Seychelles hosts high-level forum on maritime security |22 March 2018
‘Maritime security is an international priority’
Maritime security is not just one nation’s concern but an international priority that can be tackled only by working together in a concerted manner.
This was the gist of remarks made by the Mauritius-based US consul responsible for environment, science, technology and health for Seychelles and Mauritius, Jennifer Barr, during a workshop on the subject being held at the Savoy Resort & Spa, Beau Vallon.
Maritime security and Blue economy officials from 34 African countries are taking part in this week-long training workshop focusing on critical comparison between the experiences of pursuing maritime security and the Blue economy in Africa’s maritime zones.
These zones are the Gulf of Guinea, Indian Ocean, Horn of Africa and the Mediterranean.
The workshop, which was launched on Monday, has been organised by the Africa Centre for Strategic Studies based in Washington, USA.
The objectives of the training under the theme ‘Enhancing Maritime Security in Africa’, is to help states, zones and regions on the continent at large to strengthen their resilience against maritime threats and to create the space for Africa to meet its vast economic potential.
The training under the topic ‘Securing the Blue Economy’ will also enable the participants to learn ways to close gaps and seams between different efforts on maritime security in order to foster cooperation, collaboration and coordination around the entire African continent.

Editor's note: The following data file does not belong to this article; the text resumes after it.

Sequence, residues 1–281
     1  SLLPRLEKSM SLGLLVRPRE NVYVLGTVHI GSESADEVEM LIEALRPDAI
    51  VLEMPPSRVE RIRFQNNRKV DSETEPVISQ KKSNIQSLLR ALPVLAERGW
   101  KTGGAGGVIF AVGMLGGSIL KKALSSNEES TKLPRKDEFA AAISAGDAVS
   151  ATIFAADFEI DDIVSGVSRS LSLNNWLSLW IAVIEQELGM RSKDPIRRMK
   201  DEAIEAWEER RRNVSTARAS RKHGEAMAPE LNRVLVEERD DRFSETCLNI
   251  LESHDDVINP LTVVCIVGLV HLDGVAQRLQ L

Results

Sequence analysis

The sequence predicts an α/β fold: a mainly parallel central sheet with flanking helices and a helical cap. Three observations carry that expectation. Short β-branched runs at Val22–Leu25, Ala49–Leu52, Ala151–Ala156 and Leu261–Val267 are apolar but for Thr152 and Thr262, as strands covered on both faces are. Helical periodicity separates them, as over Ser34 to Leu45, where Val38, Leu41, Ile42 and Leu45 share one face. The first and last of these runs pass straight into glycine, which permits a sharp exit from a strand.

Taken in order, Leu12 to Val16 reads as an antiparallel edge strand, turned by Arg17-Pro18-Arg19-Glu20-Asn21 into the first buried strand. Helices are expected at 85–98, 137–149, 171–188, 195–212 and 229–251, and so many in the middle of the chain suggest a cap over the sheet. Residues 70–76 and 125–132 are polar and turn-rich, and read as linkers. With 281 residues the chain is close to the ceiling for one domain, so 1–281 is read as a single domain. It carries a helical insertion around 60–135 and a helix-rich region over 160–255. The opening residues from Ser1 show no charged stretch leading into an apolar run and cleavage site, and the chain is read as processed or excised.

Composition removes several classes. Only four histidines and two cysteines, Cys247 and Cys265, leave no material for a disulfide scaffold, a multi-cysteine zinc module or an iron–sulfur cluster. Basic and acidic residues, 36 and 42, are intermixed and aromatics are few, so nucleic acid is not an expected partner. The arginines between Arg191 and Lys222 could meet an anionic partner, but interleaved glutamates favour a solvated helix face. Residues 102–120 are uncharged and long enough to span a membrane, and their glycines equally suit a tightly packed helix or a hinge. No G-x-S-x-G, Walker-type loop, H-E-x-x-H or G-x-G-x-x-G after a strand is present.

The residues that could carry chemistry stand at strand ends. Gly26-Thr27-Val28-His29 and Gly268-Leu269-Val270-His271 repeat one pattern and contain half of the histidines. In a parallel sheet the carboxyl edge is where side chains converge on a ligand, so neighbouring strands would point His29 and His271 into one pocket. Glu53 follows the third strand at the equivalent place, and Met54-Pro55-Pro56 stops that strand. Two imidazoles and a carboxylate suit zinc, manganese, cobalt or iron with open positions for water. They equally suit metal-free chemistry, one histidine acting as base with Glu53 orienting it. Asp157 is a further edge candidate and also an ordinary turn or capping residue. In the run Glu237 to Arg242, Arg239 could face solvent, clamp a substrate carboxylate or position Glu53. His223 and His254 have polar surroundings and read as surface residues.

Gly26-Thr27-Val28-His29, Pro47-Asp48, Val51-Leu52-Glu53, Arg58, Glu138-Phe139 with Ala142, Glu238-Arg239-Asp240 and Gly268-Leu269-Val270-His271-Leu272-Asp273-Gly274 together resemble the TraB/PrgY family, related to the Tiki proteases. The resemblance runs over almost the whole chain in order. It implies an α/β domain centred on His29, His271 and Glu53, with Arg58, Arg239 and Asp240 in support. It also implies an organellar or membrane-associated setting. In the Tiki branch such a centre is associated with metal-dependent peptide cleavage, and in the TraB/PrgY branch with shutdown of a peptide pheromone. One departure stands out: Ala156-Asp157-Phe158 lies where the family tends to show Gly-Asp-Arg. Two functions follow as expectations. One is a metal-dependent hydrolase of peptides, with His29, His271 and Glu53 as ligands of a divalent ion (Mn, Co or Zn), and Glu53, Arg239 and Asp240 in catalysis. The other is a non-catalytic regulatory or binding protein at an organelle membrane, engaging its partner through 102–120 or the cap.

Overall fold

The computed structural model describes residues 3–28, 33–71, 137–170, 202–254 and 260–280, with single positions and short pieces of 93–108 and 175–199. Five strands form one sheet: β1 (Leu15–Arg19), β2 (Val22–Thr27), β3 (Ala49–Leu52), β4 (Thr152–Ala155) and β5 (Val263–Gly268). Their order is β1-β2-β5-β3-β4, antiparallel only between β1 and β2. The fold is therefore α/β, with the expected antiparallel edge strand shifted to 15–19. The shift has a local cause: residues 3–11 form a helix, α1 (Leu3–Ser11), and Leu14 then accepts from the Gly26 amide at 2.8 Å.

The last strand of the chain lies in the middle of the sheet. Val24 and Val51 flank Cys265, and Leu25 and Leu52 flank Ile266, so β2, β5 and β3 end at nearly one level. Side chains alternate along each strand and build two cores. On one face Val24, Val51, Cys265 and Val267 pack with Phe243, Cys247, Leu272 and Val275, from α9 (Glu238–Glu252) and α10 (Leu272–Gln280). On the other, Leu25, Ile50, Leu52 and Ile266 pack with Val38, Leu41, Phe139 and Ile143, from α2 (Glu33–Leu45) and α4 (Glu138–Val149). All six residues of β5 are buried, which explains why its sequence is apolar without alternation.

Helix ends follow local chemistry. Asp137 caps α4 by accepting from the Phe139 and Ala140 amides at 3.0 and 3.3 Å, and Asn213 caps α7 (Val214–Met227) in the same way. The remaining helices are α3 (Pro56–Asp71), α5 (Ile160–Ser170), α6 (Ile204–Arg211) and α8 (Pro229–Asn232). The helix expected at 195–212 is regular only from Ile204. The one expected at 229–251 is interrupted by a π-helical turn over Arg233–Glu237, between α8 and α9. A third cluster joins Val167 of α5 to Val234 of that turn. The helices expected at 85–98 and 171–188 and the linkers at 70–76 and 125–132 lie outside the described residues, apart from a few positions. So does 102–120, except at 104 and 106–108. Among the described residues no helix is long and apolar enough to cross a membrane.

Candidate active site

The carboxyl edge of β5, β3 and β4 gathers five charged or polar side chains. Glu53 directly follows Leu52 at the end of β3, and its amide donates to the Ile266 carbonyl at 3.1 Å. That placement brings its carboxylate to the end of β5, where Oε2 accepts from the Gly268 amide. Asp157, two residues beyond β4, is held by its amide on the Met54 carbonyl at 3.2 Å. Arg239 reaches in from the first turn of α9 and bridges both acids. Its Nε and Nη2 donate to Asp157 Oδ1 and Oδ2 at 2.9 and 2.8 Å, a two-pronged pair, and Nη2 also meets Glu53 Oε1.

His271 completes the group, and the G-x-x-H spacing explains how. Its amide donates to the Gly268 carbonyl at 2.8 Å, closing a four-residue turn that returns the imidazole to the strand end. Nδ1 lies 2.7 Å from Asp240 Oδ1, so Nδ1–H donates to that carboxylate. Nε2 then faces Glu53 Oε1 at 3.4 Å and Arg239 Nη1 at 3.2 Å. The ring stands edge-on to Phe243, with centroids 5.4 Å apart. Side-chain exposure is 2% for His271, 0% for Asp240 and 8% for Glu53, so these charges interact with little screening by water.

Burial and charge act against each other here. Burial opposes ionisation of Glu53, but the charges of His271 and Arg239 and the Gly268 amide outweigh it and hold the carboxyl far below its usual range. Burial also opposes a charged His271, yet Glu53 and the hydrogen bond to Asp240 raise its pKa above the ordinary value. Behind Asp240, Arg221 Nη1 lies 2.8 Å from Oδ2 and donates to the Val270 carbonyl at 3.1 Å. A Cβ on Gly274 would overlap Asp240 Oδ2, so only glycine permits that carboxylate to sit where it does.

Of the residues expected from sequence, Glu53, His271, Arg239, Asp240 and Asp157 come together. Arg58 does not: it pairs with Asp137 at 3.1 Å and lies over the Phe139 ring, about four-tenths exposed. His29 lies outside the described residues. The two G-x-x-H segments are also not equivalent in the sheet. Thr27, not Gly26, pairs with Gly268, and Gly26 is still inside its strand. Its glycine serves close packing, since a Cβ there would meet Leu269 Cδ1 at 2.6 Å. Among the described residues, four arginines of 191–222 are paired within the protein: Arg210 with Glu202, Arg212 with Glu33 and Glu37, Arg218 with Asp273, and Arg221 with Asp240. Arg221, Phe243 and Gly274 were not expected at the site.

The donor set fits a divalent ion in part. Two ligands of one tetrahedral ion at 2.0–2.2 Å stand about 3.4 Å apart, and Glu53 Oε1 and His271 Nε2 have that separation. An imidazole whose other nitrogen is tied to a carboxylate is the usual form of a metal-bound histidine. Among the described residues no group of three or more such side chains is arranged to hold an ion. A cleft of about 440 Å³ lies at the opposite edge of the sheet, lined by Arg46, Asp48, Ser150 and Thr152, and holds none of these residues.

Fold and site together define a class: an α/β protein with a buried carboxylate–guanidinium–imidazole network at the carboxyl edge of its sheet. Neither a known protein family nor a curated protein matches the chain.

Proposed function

Speaking during a session yesterday, the special advisor to the vice-president for Blue Economy, Philippe Michaud, said that Seychelles has always turned to the ocean for its very existence and like many other countries in the world, has embraced the Blue economy model which is dependent on maritime security.
He added the Seychelles Blue economy concept is based purely on sustainability.
“Seychelles has learnt the hard lesson in 2008 and 2009 with the development of piracy off the Somali coast, near and in our EEZ. This clearly demonstrates Seychelles’ vulnerability to security risks costing some 20 million euros which represents 4% of 2009 GDP in lost tourism and fisheries revenue, direct cost of fishing piracy and increased fuel and shipping costs,” Mr Michaud said.
He noted that Seychelles enacted legislation to facilitate prosecution of piracy, improve its investigative and prosecution capacities and launched a 30-year rolling comprehensive maritime security plan of action (2010-2040) aimed at strengthening Seychelles’ role and capacity to safeguard maritime security and safety in its EEZ.
The Mauritius-based US consul responsible for environment, science, technology and health for Seychelles and Mauritius, Jennifer Barr, said that maritime security is not just a United States concern but it’s an international priority.
She put emphasis on working together to combat challenges that no one nation is capable of tackling alone.
“Through these relationships that we are forging, we build stronger partnerships, strengthening regional cooperation and providing better security,” she said.
The training ends tomorrow.